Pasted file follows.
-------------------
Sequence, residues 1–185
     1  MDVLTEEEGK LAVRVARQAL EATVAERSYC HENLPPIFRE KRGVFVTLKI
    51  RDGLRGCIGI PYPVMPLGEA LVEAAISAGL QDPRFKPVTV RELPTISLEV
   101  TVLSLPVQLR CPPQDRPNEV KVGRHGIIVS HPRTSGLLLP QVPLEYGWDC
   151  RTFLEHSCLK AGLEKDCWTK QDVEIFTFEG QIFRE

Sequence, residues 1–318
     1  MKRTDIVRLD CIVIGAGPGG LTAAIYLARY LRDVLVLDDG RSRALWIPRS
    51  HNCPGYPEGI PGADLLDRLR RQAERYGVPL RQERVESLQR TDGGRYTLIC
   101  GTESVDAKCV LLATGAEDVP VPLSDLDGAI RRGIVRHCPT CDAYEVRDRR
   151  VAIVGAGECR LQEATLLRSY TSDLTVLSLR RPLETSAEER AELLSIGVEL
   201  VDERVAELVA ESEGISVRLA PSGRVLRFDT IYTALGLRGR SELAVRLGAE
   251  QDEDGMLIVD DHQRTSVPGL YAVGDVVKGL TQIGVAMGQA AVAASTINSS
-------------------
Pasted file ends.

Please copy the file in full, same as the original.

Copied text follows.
Sequence, residues 1–185
     1  MDVLTEEEGK LAVRVARQAL EATVAERSYC HENLPPIFRE KRGVFVTLKI
    51  RDGLRGCIGI PYPVMPLGEA LVEAAISAGL QDPRFKPVTV RELPTISLEV
   101  TVLSLPVQLR CPPQDRPNEV KVGRHGIIVS HPRTSGLLLP QVPLEYGWDC
   151  RTFLEHSCLK AGLEKDCWTK QDVEIFTFEG QIFRE

Sequence, residues 1–318
     1  MKRTDIVRLD CIVIGAGPGG LTAAIYLARY LRDVLVLDDG RSRALWIPRS
    51  HNCPGYPEGI PGADLLDRLR RQAERYGVPL RQERVESLQR TDGGRYTLIC
   101  GTESVDAKCV LLATGAEDVP VPLSDLDGAI RRGIVRHCPT CDAYEVRDRR
   151  VAIVGAGECR LQEATLLRSY TSDLTVLSLR RPLETSAEER AELLSIGVEL
   201  VDERVAELVA ESEGISVRLA PSGRVLRFDT IYTALGLRGR SELAVRLGAE
   251  QDEDGMLIVD DHQRTSVPGL YAVGDVVKGL TQIGVAMGQA AVAASTINSS